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Is it unorthodox to ask the seller to pay for closing costs up front? Also, if this is an okay thing to do, what are the typical mechanics of the cash flows if this is done?

For example, if the seller accepts my offer for a home and I ask the seller to pay closing costs and they agree. As the deal is closing I imagine I am accumulating costs (inspections, appraisals, attorney fees etc) that I am going to have to front. So, does the seller actually pay for costs as they are incurred, or is it just a reimbursement? Or, is it just a deduction from the sale price, which I would not consider paying for anything unless I repay the entire loan.

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    Can you clarify country (I assume US), and will you be using an escrow service (most people do)?
    – BrianH
    May 3 '17 at 1:26
  • @BrianHall yes, US. Escrow service for what?
    – bcf
    May 3 '17 at 2:26
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    Escrow for the whole purchase, which often (but not necessarily) includes title service, processing of all aspects of closing (ensures everyone gets paid by making sure all purchase money that comes in, also goes out to everyone as agreed, etc), and so on. They often don't handle paying for appraisals and inspections, for instance, but many other costs go "into the pot" and they clear them all at once including accepting the down payment, paying taxes, and basically the majority of closing costs. I ask because having it changes and simplifies the logistics greatly.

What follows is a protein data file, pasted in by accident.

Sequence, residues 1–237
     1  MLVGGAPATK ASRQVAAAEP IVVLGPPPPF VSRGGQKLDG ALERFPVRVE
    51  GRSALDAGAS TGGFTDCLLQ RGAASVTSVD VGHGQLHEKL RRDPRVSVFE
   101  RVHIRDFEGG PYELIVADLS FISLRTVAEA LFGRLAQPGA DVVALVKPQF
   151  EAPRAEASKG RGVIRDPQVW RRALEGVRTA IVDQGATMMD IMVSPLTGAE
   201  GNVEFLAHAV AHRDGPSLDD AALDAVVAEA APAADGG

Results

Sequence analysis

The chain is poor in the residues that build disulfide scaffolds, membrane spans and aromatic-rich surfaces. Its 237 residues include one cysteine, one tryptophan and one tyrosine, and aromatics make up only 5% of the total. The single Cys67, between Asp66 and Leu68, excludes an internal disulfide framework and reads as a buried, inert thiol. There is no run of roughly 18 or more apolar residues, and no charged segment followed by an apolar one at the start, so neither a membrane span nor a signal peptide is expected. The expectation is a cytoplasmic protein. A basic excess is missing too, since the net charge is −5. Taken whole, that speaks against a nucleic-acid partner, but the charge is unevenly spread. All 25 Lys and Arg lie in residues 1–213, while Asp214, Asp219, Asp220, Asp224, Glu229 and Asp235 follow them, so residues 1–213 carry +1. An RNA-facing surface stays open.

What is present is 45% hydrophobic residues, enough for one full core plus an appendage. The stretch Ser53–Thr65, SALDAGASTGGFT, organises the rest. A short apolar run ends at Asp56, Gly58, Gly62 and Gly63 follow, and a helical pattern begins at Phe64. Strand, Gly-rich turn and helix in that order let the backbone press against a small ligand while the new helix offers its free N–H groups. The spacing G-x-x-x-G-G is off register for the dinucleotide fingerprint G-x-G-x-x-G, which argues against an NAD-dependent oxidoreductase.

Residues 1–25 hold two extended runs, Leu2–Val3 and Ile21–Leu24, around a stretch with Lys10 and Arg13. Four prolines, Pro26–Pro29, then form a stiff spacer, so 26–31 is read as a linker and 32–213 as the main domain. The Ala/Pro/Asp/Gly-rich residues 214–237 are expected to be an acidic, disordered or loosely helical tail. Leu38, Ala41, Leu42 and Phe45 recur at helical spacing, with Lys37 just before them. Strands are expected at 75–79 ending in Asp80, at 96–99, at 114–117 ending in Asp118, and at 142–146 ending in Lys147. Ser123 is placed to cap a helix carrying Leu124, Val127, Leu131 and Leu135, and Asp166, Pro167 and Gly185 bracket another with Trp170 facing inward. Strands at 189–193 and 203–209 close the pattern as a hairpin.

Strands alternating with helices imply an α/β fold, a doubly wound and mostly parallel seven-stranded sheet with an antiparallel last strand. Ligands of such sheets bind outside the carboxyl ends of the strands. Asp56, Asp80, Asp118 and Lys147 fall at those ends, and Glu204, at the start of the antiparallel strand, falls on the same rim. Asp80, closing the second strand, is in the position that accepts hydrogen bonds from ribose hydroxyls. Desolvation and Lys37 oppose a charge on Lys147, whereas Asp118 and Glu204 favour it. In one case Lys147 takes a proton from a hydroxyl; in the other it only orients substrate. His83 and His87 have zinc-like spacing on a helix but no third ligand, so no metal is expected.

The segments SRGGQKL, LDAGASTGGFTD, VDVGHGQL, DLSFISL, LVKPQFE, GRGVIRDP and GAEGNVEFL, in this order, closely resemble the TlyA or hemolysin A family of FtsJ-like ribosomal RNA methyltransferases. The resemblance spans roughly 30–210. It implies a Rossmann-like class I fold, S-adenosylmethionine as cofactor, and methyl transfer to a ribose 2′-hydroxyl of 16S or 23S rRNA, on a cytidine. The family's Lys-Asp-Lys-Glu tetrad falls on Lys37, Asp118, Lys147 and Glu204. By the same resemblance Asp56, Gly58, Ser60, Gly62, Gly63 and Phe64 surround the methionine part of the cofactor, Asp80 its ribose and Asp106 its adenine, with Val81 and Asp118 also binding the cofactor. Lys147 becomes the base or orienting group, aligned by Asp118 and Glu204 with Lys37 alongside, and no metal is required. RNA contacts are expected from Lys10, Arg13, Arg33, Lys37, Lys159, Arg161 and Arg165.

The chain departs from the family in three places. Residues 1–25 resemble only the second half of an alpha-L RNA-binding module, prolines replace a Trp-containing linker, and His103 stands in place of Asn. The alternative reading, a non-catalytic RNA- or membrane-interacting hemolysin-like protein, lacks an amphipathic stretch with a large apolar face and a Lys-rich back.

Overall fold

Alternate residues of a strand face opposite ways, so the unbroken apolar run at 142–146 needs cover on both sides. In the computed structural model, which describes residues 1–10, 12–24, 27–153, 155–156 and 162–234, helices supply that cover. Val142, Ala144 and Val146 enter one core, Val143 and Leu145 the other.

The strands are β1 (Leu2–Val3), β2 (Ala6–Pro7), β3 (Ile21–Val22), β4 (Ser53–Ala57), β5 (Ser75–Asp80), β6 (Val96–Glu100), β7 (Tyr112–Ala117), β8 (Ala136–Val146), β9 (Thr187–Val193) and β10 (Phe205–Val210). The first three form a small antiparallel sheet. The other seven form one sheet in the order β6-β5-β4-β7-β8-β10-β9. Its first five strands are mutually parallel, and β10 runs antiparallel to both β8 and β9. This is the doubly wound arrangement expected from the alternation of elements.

– BrianH
    May 3 '17 at 2:50
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Some of the items required as part of the home buying and mortgage process are traditionally paid prior to closing. These are usually the items that the buyer purchases as part of the process: home inspection, credit check. These expenses take place early in the process and if the deal falls through due to the inspection or credit history problems the seller doesn't want to get stuck paying for. The buyer will frequently have to write a check for these as they occur.

Other items occur later in the process or even at the very end of the process.

Determining which side pays for each item is a combination negotiation and local tradition. Even for the items that the buyer has to pay for, there can be a negotiation between the buyer and the lender. Sometimes the lender allows the buyer to roll the closing costs into the loan, this does mean that they will be paying interest on the closing costs for years. But not rolling in the closing costs mean that you need more cash on hand. This is in addition to the down-payment and the costs of moving.

The closing costs covered by the seller reduce the size of the check they will receive at the end of the process. Their willingness to kick in this cash is a function of will they still make money on the deal, how many other bidders there were, and do they need the cash to buy their next house.